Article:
Based on what we discovered in the public domain, researches and surveys cover cart abandonment as a whole and do not bifurcate the insights or data based on the industry or sector. And, those insights which are bifurcated based on the industry are qualitative in nature. In nutshell, hard data on how online travel companies can reduce their abandonment rates is scarce in the public domain.
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Consumers - Booking Trips

Out of 1,500 American survey respondents (ages 18 to 70), 67% book their travel online; 76% are millennial travelers and 73% are Gen Z. Approximately 50% of baby boomers book online. Complete details about the differing habits in booking travel for Gen X, Gen Z, millennials, and baby boomers are presented below.

Booking Habits

  • In January 2018, millennial travelers from the United States booked their journeys via travel websites (64%), specific hotel/resort/airline/brand website (47%), over the phone with the specific hotel/resort/airline central reservations (24%), travel agent (24%), Airbnb (23%), online through tourism destination's website (22%), and other (4%).
  • 92% of millennials in the United States look for the best deals available and the most value for their dollars before booking travel because they crave variety. 57% of US millennials use online travel agencies to book travel more than any other particular travel site because they can compare prices and cross-shop.
  • Baby boomer booking habits for abroad trips: 31% have booked their 2019 trips by September 2018; up from 23% by September of the previous year in 2018 and 17% in 2017.
  • 48% of US smartphone users access their mobile devices to book and plan their entire trip to new travel destinations. 82% of travel bookings in 2018 were completed online by mobile app or website without human interaction, while 28% occurred offline.
  • According to survey responses from 1,500 American travelers from ages 18 to 70, 67% of respondents book their travel online (76% of millennial travelers and 73% of Gen Z). While in the baby boomer age group, more than 50% book online.
  • When looking specifically at online travel agencies (OTAs), Gen X (65%), millennials (76%), Gen Z (44%), and baby boomers (55%) most often booked travel by OTAs. In the Gen Z group, booking travel by destination review sites (42%) was nearly even with OTAs.
  • 72% of travelers choose online booking channels because of the ease of booking. Online booking channels tended to beat promotion from family and friends, personalized travel packages, payment options, and one-stop shopping (the exception was Gen Z whose top value was promotions from friends/family at 31% followed by ease of booking at 22%).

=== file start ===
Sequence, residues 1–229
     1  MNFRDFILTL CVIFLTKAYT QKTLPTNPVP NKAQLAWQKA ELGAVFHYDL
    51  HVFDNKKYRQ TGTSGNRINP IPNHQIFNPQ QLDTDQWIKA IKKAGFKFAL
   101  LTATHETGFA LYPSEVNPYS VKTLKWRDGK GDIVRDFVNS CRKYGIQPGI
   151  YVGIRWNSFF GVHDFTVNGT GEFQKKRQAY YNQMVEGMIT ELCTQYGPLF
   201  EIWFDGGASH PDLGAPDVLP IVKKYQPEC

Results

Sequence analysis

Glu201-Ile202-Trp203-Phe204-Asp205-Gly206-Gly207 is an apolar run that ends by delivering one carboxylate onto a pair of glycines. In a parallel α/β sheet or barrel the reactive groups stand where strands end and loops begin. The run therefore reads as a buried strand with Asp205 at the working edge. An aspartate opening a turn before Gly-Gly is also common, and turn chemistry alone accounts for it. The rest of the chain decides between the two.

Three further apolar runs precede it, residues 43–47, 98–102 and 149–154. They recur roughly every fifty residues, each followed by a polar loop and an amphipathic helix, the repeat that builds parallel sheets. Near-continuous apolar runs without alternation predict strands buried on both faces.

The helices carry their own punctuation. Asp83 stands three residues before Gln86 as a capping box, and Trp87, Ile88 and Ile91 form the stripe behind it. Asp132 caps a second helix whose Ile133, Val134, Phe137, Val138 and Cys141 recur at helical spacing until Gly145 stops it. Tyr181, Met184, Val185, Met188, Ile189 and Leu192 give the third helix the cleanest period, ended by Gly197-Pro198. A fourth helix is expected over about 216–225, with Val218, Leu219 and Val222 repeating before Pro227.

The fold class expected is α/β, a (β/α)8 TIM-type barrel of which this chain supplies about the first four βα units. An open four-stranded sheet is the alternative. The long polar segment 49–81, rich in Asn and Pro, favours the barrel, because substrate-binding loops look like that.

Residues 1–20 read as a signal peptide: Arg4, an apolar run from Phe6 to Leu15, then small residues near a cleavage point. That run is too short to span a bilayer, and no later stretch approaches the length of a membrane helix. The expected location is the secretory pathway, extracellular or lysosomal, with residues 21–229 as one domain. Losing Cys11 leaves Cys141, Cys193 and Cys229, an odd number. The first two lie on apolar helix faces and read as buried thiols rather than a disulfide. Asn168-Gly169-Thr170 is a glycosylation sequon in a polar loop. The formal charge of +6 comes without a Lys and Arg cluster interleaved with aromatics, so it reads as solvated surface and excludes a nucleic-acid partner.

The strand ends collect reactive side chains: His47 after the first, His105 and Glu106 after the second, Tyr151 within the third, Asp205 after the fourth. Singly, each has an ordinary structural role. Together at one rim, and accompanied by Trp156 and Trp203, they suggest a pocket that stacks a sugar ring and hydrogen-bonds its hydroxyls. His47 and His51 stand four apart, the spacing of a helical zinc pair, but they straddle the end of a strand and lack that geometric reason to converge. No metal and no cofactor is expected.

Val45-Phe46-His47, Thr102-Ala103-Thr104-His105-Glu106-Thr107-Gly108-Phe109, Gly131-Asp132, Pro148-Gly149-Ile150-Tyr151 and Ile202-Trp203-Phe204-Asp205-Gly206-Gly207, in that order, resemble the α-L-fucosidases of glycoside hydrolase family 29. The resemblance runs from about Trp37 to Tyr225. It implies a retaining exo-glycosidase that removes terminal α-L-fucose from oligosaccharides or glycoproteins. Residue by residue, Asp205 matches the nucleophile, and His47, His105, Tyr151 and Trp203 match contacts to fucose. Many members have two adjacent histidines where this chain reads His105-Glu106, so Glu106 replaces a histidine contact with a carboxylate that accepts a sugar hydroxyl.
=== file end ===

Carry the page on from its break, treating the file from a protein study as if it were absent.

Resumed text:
From Part 01
  • "In 2018, 74.58 percent of online shopping orders were abandoned, i.e. not converted into a purchase. Airlines had the highest cart abandonment rates out of all measured categories with an 87.87 percent abandonment rate."
  • "According to Tripadvisor, 80% of travel research takes more than four weeks to complete. This means that people will visit several sites before making a final decision, perhaps starting and abandoning several bookings as they go."
  • "According to our data, 17.6% of visitors to travel sites begin the booking process, but just 3.1% actually complete the booking. "
  • "While airline abandonment rates are reasonably steady throughout the year, between around 87% and 89%, they are generally lower in the months between September and December. This is also the period with the lowest sales volume, which shows that visitors reaching airline websites have a greater intent to purchase, with fewer visitors only researching for future holidays."
From Part 03
  • "Of those in the planning phase of their domestic travel, 88% have already selected a destination, an increase from 72% in 2018. For those going abroad, 31% have booked their 2019 trips by September 2018, up from 23% by September of the previous year in 2018 and 17% in 2017, according to the online survey. "
  • "1. In 2018 digital travel sales worldwide increased 10.4% to $694.41 billion. (Source: eMarketer) 2. Forty-eight percent of U.S. smartphone users are comfortable researching, booking and planning their entire trip to a new travel destination using only a mobile device. (Source: TrekkSoft)"
  • "In this second post looking in detail at the Mastercard and WEX 2018 Travel Trends report, we take a look at US travelers’ booking behavior and preferences. The survey of 1,500 American travelers ranging in age from 18 to 70, found that, typically, 67% of respondents book their travel online with 73% of Gen Z and 76% of Millennial travelers doing so. Even in the Baby Boomer age group, more than half book online."